Black coral has been confirmed to be living in the wider Wellington region, near the Kāpiti Marine Reserve surrounding Kāpiti Island. The discovery was made by local marine conservationist Ben Knight, and extensive genetic testing by NIWA confirmed the species. The colony is about three meters wide and is likely several hundred years old. This is the second confirmed black coral species on the west coast of New Zealand, with the only other known location being in Fiordland.
These marine invertebrates are called “black coral” due to the color of their skeleton, although they appear white. Black coral grows slowly and is considered an old and fragile species. Calls for greater protection, including potential anchoring closures and marine reserve boundary expansions, have arisen following this discovery.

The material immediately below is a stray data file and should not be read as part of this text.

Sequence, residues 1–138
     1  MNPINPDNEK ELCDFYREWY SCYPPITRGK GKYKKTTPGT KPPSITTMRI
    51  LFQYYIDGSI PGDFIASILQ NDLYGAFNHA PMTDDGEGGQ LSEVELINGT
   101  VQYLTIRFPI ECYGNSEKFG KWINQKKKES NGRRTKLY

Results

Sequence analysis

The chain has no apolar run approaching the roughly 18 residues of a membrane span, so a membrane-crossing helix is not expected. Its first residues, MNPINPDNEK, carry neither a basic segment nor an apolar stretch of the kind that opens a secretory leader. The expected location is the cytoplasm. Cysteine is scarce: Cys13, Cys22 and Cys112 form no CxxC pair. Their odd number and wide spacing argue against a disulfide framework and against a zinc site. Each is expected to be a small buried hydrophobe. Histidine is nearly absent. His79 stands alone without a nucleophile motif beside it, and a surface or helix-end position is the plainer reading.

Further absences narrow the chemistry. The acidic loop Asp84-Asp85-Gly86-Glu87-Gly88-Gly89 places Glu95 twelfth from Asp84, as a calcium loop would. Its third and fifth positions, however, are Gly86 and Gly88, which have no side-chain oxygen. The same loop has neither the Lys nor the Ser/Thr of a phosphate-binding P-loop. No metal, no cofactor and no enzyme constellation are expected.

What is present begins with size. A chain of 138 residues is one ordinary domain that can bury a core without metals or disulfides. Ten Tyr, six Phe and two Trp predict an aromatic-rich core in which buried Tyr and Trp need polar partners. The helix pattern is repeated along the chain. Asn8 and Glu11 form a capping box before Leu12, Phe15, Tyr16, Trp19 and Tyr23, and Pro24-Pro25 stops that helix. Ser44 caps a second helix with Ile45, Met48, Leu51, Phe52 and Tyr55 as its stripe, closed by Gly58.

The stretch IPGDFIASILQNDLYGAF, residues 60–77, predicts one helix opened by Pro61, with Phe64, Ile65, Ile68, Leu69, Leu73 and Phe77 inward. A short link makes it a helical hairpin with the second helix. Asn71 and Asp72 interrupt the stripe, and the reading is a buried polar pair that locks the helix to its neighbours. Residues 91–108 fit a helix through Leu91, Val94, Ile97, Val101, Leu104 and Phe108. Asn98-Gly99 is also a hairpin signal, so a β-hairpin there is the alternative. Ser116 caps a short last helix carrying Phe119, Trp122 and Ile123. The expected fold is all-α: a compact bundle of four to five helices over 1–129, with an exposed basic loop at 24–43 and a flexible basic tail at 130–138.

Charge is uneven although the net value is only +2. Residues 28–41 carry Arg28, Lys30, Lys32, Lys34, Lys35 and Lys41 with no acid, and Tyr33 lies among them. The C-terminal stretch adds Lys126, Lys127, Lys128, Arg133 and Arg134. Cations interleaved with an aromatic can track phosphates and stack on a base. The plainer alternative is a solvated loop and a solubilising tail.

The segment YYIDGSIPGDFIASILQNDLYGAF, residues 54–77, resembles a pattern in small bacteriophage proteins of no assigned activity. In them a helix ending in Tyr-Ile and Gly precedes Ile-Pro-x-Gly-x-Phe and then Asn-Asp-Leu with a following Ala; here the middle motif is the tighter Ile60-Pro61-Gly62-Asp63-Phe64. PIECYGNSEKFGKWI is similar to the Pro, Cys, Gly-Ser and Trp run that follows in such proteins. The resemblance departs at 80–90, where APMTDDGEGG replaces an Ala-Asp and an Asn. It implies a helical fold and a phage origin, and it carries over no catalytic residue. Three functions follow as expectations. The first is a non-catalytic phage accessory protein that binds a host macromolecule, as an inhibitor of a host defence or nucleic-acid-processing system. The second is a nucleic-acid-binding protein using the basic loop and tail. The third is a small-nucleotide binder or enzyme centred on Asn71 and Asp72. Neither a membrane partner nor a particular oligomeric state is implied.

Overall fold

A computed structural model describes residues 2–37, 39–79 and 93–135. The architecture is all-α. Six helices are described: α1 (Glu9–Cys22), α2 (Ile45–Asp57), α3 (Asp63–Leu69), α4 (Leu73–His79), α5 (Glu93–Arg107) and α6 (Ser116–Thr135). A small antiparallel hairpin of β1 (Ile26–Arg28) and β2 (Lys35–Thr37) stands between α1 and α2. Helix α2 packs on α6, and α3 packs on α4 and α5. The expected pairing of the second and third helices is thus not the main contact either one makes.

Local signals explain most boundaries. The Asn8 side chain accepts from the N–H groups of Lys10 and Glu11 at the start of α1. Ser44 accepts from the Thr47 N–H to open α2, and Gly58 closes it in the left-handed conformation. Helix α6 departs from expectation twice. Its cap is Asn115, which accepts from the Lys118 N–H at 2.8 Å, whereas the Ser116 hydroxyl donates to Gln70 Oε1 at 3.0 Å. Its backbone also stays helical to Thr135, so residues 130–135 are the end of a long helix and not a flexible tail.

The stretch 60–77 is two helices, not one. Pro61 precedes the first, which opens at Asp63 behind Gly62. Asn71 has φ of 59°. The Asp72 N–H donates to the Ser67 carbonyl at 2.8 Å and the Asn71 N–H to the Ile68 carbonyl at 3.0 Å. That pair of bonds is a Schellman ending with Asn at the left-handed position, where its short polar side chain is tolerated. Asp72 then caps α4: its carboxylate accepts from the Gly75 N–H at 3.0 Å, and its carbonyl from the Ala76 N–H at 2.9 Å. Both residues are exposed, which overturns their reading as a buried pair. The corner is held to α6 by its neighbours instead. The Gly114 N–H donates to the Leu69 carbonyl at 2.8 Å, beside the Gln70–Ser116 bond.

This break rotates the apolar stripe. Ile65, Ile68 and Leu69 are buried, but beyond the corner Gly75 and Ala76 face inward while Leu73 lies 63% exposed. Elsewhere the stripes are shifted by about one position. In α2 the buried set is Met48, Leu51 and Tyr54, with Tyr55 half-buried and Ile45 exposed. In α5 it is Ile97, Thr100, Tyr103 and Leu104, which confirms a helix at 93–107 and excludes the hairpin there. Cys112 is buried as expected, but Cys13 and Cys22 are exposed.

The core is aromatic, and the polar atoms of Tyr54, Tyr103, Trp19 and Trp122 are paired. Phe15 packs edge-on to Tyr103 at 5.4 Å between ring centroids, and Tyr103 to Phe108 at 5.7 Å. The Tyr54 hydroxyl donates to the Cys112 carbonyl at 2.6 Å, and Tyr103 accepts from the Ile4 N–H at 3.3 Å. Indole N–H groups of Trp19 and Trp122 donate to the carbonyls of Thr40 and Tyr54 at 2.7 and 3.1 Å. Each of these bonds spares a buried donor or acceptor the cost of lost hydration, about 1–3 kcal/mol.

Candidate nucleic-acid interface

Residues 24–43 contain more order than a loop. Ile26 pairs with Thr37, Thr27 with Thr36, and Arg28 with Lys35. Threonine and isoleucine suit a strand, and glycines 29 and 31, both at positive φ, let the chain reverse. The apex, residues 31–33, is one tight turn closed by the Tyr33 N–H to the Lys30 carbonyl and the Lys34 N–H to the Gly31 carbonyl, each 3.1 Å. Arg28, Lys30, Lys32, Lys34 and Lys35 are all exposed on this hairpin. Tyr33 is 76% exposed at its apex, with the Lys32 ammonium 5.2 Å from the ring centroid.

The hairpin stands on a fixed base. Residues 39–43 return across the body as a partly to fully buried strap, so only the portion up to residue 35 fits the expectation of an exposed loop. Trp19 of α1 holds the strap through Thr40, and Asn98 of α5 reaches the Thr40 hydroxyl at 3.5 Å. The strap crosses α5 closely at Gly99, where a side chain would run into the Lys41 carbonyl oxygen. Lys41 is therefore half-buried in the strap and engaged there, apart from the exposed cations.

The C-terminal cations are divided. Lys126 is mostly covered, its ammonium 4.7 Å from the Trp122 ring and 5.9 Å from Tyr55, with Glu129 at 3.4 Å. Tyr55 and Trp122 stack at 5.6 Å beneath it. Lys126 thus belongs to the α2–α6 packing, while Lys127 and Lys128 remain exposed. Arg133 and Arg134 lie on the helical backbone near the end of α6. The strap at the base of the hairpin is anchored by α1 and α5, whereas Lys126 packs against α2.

The Greater Wellington Regional Council is proposing to add black coral as a site of significance for indigenous coastal biodiversity in its Natural Resources Plan, offering some protection for the species. Multiple iwi with ties to the area are interested in conversations about how to protect the coral while still allowing iwi to exercise kaitiakitanga, or guardianship, appropriate to their needs.